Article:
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Pushing the Boundaries
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About the Author

Derek Pringle was born and raised in Nairobi, Kenya, where he first learnt to play cricket on matting pitches. He attended St Mary's School, Nairobi, then Felsted School in Essex, before reading Geography and Land Economy at Cambridge, where he captained the university at cricket and won three blues. While still an undergraduate he was selected to play Test cricket for England in 1982, a feat achieved previously by Ted Dexter, 24 years earlier. He also appeared, briefly, in the Oscar-winning film Chariots of Fire, as Cambridge's vice-captain of athletics.He played 30 Tests and 44 one-day internationals for England, appearing in two World Cups, one as a losing finalist in 1992. His cricket career at Essex, which spanned 15 years, included five County Championship titles, three John Player League titles, a NatWest Trophy and countless friendships. He retired from the game in 1993.A second career, as a journalist, saw him appointed cricket correspondent for the Independent, then the Daily Telegraph, a role he fulfilled until 2014. He now works as a freelance writer. His hobbies include photography and collecting vinyl records, of which he has several thousand - the latter perhaps explaining why he has never married. He has a son whose musical tastes he is trying to shape. He lives in Cambridge.

Reviews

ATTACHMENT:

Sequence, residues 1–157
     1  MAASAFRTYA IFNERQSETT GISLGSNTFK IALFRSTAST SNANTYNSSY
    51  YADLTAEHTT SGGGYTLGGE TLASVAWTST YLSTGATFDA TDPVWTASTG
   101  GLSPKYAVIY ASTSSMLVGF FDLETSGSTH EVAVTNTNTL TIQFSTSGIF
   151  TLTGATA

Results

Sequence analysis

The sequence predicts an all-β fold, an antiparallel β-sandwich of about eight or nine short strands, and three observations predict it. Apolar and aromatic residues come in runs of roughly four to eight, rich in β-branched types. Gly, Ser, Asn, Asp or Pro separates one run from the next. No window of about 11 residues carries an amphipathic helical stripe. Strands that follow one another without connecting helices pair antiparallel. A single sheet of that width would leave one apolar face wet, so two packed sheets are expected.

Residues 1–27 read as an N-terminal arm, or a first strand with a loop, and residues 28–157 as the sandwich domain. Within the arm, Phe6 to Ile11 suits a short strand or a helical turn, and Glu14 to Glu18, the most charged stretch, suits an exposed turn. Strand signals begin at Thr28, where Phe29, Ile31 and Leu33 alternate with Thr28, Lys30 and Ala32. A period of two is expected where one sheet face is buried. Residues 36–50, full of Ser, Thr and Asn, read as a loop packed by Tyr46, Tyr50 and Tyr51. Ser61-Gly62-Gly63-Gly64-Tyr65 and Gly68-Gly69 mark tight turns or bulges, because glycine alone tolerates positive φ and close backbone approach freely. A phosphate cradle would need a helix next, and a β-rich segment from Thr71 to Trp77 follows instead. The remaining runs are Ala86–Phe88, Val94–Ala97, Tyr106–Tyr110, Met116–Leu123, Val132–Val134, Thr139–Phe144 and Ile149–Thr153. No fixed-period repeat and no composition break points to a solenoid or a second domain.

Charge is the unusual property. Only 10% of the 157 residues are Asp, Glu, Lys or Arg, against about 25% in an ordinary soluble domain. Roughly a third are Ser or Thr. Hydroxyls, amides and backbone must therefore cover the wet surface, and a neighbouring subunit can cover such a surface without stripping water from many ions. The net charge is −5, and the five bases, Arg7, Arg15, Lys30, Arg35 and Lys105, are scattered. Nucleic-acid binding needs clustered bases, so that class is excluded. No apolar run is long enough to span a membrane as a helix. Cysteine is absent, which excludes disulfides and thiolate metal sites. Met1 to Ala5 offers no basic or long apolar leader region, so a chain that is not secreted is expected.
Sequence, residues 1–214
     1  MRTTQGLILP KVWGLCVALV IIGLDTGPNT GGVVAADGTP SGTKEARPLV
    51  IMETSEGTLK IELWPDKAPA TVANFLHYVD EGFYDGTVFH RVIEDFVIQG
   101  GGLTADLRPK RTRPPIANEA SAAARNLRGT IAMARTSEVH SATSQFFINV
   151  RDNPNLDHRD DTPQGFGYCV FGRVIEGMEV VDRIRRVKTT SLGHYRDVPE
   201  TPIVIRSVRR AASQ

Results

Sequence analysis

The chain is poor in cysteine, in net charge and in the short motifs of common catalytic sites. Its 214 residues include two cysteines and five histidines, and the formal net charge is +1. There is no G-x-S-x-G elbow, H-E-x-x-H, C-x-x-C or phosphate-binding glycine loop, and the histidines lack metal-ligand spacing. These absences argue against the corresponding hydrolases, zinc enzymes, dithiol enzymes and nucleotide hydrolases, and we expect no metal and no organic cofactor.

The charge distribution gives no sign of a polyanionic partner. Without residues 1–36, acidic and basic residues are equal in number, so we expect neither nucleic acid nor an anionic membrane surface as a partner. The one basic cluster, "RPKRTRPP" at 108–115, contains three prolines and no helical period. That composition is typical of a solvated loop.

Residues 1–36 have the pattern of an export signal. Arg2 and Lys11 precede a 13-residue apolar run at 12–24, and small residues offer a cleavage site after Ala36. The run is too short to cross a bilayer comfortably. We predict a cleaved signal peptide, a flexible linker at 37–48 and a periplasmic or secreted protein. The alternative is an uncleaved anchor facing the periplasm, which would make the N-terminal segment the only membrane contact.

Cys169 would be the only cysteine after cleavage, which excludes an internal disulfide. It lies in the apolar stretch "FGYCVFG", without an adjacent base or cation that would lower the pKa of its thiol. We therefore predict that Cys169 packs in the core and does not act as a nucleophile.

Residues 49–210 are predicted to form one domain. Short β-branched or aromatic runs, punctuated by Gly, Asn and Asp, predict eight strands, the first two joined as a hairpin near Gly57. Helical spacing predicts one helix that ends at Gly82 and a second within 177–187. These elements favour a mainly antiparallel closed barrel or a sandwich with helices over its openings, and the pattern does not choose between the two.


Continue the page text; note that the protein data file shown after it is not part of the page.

Pringle's tale is both a love letter to the greatest player of his generation, Sir Ian Botham and an engaging romp in which cricket only plays a walk-on part. That despite the author's playing record that included 30 Tests, 44 ODIs, six County Championships with Essex and a World Cup final, a CV that most would be proud to take to the grave. * Michael Atherton, The Times *
A fascinating and hilarious read. Like Chris Lewis, Andrew Flintoff, Ben Stokes and many more [Pringle] was originally hailed as the new Botham, before winding up as a very junior version. In his storytelling though, he might just have the edge on the great man. * Daily Telegraph *
Anecdotes are funny, original and astounding, often all three...He [Pringle] has delivered with interest on his promise to avoid a bog-standard, self-serving work; if he pushed boundaries in his career he has flattened them completely with this honest addition to cricket literature. * The Cricketer *
As Pringle spent the decade as [Ian] Botham's understudy ... it makes for a fascinating and hilarious read. * Daily Telegraph *
Former England Test bowler's eye-popping and hilarious account of cricket in the 80s is as doused as a sherry trifle. * Guardian *
A feast of anecdotes * The Observer *

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